Thank you, Marble Slab, for making life richer and sweeter.
Rancho Pinot Grill: This jewel paved a path for my favorite kind of restaurant: small, casual, chef-run places, where the emphasis is on fresh, high-quality ingredients, and the kitchen has the skill and imagination to use them.
Rancho Pinot started out as a BYOB in a shopping-center storefront, before moving on to more impressive Scottsdale digs. And it charted the way for a new breed of 1990s restaurant: Café Patou, Coup Des Tartes, Razz's, Gregory's Grill, Cowboy Ciao, Restaurant Hapa and Convivo.
Thank you, Rancho Pinot Grill, for proving to other talented chef/proprietors that if you build it, we will come.
C-Fu Gourmet: My heart sank when, the day after I came here, a friend sent me to a "great" Chinese restaurant that used canned peas and carrots, frozen fish and a menu that could have come from a 1950s Chinese-American diner.
Fortunately, C-Fu Gourmet saved my sanity. This place, which started out in a small Tempe storefront before moving east to Chandler and north to Paradise Valley, is the real deal, a Hong Kong-style restaurant where the fish is so fresh it's still swimming when you order it. The Sunday dim sum brunch, meanwhile, could compete with the ones you find in Chinatowns in New York and San Francisco. Wallet-friendly prices don't hurt, either.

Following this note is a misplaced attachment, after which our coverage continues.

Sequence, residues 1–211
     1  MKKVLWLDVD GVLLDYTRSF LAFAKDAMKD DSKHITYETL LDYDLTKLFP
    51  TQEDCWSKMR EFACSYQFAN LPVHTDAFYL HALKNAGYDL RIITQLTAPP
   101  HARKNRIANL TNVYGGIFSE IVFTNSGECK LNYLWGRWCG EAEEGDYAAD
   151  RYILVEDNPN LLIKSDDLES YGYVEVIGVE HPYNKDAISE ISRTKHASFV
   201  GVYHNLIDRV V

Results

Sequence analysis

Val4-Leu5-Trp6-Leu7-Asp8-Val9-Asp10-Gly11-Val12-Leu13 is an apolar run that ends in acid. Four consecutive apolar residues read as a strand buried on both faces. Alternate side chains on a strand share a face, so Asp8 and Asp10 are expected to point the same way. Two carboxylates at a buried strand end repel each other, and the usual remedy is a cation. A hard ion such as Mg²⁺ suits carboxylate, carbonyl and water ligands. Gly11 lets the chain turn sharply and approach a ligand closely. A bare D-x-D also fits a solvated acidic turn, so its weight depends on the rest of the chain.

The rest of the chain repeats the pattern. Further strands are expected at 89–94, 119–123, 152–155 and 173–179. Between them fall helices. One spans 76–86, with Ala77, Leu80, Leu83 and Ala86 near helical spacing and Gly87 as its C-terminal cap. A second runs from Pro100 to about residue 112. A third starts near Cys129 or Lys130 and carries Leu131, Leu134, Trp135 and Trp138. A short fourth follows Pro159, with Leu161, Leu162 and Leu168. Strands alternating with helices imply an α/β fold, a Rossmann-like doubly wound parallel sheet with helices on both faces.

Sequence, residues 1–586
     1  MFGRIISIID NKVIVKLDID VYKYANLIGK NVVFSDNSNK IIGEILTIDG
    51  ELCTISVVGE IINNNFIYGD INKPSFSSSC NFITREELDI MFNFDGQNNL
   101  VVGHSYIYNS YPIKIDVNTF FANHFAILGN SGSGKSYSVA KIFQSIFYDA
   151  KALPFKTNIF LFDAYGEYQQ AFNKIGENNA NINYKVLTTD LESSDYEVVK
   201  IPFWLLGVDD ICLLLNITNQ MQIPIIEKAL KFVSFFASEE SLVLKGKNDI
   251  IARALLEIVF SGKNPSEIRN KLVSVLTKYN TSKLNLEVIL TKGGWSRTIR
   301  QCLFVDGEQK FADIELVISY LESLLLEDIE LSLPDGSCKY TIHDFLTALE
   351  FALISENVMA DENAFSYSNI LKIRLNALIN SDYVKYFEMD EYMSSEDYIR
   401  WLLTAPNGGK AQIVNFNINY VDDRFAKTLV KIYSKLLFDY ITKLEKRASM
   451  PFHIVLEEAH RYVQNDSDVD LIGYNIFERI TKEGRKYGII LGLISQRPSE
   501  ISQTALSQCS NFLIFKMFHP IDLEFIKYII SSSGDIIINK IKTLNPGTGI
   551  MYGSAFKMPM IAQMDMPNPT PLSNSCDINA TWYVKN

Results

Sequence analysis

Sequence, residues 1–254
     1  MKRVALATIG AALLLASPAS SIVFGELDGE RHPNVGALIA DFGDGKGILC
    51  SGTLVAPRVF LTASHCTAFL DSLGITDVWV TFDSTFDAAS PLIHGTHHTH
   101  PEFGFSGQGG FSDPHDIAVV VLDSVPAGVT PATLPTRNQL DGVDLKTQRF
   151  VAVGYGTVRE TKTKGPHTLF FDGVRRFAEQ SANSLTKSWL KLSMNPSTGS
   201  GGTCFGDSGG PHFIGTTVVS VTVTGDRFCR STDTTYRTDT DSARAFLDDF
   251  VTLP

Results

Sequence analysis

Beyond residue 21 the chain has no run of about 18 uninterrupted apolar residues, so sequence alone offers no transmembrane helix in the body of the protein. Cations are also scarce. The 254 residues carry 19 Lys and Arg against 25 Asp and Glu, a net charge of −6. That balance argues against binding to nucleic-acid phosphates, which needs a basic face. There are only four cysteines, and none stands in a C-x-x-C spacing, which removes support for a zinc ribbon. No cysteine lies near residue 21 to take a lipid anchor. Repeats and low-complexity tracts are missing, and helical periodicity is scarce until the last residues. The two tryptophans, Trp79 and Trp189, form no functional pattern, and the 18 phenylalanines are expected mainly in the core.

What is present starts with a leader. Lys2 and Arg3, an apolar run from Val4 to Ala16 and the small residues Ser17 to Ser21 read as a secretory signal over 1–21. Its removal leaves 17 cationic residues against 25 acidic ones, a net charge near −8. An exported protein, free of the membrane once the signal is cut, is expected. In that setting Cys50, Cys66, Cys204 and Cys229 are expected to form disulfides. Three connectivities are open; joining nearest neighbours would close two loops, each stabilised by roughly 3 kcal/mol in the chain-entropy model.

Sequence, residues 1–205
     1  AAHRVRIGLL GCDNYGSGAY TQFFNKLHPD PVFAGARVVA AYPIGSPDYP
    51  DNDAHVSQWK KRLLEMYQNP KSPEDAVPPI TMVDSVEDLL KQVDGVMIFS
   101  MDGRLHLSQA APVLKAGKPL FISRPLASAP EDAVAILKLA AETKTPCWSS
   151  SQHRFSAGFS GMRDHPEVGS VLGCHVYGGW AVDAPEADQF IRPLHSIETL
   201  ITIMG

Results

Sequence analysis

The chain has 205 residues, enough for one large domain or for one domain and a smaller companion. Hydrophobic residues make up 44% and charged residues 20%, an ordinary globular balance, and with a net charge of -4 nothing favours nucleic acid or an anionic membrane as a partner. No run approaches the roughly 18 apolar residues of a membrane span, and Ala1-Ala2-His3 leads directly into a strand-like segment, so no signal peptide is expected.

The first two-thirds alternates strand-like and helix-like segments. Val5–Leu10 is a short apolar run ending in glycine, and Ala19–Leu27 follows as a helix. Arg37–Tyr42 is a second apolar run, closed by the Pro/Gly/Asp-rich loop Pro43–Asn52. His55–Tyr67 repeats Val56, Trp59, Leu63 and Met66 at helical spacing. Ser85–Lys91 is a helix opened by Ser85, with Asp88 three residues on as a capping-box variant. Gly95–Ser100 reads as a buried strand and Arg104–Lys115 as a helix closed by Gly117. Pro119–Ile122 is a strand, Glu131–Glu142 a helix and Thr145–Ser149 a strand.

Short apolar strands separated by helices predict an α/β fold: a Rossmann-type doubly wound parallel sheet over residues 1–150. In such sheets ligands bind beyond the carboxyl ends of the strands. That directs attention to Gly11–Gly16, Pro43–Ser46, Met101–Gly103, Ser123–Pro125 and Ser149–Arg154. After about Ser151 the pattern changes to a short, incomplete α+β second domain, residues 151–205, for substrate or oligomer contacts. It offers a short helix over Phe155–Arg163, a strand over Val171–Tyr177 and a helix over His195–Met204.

Thank you, C-Fu Gourmet, for bringing ethnic authenticity to a town long unfamiliar with the concept.
Pizzeria Bianco: It's easy to make pizza. And even using frozen dough, canned tomato sauce, dried spices and processed cheese, the result can taste okay.
But when you make it from scratch -- fresh dough, homemade sauce, the best cheeses, just-plucked-from-the-ground herbs -- the results can be extraordinary.
We found that out after Bronx-born Chris Bianco opened Pizzeria Bianco and stood watch in front of his wood-burning brick oven. This is pizza that wouldn't be out of place in Naples, vibrant flavors resting on a perfect crisp, chewy base.
Thank you, Pizzeria Bianco, for demonstrating that in an age of technology, the art of craftsmanship can still flourish.